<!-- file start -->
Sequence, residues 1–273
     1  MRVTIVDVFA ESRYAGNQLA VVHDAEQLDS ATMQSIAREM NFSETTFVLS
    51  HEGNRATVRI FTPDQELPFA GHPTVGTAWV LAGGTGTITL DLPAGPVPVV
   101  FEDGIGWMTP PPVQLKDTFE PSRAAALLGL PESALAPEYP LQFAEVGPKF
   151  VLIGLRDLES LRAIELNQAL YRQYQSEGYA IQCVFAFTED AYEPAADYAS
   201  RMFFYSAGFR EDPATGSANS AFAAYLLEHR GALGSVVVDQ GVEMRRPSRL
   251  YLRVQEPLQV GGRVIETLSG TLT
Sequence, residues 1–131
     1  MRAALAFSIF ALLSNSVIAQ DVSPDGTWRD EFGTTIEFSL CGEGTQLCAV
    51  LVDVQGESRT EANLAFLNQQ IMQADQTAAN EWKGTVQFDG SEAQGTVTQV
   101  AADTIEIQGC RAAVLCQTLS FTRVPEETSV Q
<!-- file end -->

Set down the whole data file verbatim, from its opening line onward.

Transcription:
Sequence, residues 1–273
     1  MRVTIVDVFA ESRYAGNQLA VVHDAEQLDS ATMQSIAREM NFSETTFVLS
    51  HEGNRATVRI FTPDQELPFA GHPTVGTAWV LAGGTGTITL DLPAGPVPVV
   101  FEDGIGWMTP PPVQLKDTFE PSRAAALLGL PESALAPEYP LQFAEVGPKF
   151  VLIGLRDLES LRAIELNQAL YRQYQSEGYA IQCVFAFTED AYEPAADYAS
   201  RMFFYSAGFR EDPATGSANS AFAAYLLEHR GALGSVVVDQ GVEMRRPSRL
   251  YLRVQEPLQV GGRVIETLSG TLT
Sequence, residues 1–131
     1  MRAALAFSIF ALLSNSVIAQ DVSPDGTWRD EFGTTIEFSL CGEGTQLCAV
    51  LVDVQGESRT EANLAFLNQQ IMQADQTAAN EWKGTVQFDG SEAQGTVTQV
   101  AADTIEIQGC RAAVLCQTLS FTRVPEETSV Q